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As a child, it was one of my greatest delights to visit my grandparents in the spring when the whip-poor-wills began to call. Grandma and Grandpa lived in a remote valley of the Ozark Mountains where there were trees a plenty, and, seemingly, a whip-poor-will, or two, in each one.
My grandmother insisted that a whip-poor-will's call was not "whip-poor-will," but instead, "chip-butter-white-oak." I would listen really hard trying to hear it exactly as she said it was, but all I could hear was "whip-poor-will, whip-poor-will,..." But, I never let on to her.
I remember my grandpa watching and listening, with an amused look on his face, to one of these listening sessions. Shortly after that he began to call me, just for fun, "Chip Butter." It is a name I am proud to wear for I still love to hear that long, lonesome call on a warm summer's eve. And, sometimes, when I listen really, really hard, it seems I can hear quite clearly, "chip-butter-white-oak, chip-butter-white-oak..."


Thursday, March 14, 2013

Last Spring's Nest...





hangs on a vine near my walking trail.  It looks as good as new to me.  I would like to bring it home, but the Migratory Bird Treaty Act of 1918 makes it illegal to collect or have in your possession live native birds, bird feathers, nests or eggs.  I haven't always known about that law!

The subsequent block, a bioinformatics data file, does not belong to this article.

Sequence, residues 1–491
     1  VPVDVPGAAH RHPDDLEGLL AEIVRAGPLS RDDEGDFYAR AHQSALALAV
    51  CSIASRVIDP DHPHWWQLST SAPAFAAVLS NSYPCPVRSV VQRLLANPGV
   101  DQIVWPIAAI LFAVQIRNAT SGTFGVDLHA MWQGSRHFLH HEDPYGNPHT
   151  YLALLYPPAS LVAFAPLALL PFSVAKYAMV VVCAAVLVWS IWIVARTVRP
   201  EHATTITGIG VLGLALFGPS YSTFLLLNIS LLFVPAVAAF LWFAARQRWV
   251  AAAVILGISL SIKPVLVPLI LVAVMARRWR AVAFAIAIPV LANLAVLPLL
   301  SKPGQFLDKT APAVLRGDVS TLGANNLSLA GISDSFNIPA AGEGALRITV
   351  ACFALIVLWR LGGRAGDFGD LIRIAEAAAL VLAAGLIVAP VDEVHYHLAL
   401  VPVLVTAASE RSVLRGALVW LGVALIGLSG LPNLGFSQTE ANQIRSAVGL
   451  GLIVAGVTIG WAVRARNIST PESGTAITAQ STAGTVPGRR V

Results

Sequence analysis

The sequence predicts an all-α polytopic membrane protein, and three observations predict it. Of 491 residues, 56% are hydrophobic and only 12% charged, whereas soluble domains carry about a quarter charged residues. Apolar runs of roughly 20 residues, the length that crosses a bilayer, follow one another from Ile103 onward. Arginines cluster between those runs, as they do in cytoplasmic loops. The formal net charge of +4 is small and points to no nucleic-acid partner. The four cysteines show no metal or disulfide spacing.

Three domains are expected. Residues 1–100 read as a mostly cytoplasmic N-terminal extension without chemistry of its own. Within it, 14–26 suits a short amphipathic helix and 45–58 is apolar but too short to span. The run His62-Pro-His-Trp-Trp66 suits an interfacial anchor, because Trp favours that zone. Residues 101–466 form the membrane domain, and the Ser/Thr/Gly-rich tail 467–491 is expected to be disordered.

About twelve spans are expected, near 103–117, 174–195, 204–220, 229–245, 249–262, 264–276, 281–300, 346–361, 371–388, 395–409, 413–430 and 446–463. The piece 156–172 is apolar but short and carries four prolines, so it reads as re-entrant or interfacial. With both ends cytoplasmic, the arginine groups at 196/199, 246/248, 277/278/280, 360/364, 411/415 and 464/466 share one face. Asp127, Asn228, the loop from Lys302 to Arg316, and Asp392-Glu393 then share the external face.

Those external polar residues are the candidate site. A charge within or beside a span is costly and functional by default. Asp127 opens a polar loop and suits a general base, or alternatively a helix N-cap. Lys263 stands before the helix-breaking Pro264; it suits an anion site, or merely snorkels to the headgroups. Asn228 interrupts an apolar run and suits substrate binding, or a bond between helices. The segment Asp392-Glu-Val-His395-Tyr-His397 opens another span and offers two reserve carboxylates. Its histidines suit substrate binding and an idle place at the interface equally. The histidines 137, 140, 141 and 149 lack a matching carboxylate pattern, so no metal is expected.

4 comments:

  1. Oh that is such a pretty picture! I didn't know the law included all that!

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  2. I didn't know about that law and I wonder how many people do? Looking at the nest hanging there it doesn't look like it's too secure. Lovely photo though.

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  3. Didn't know about the law. The nest looks tiny, is it a hummingbird nest? Very lovely photo.

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  4. Oh, I love this
    need to walk in my woods
    to see what I can fine.
    With the weather and continued health issues
    staying inside a lot.
    Your image makes me want to go to the woods.
    It is raining at the moment :)

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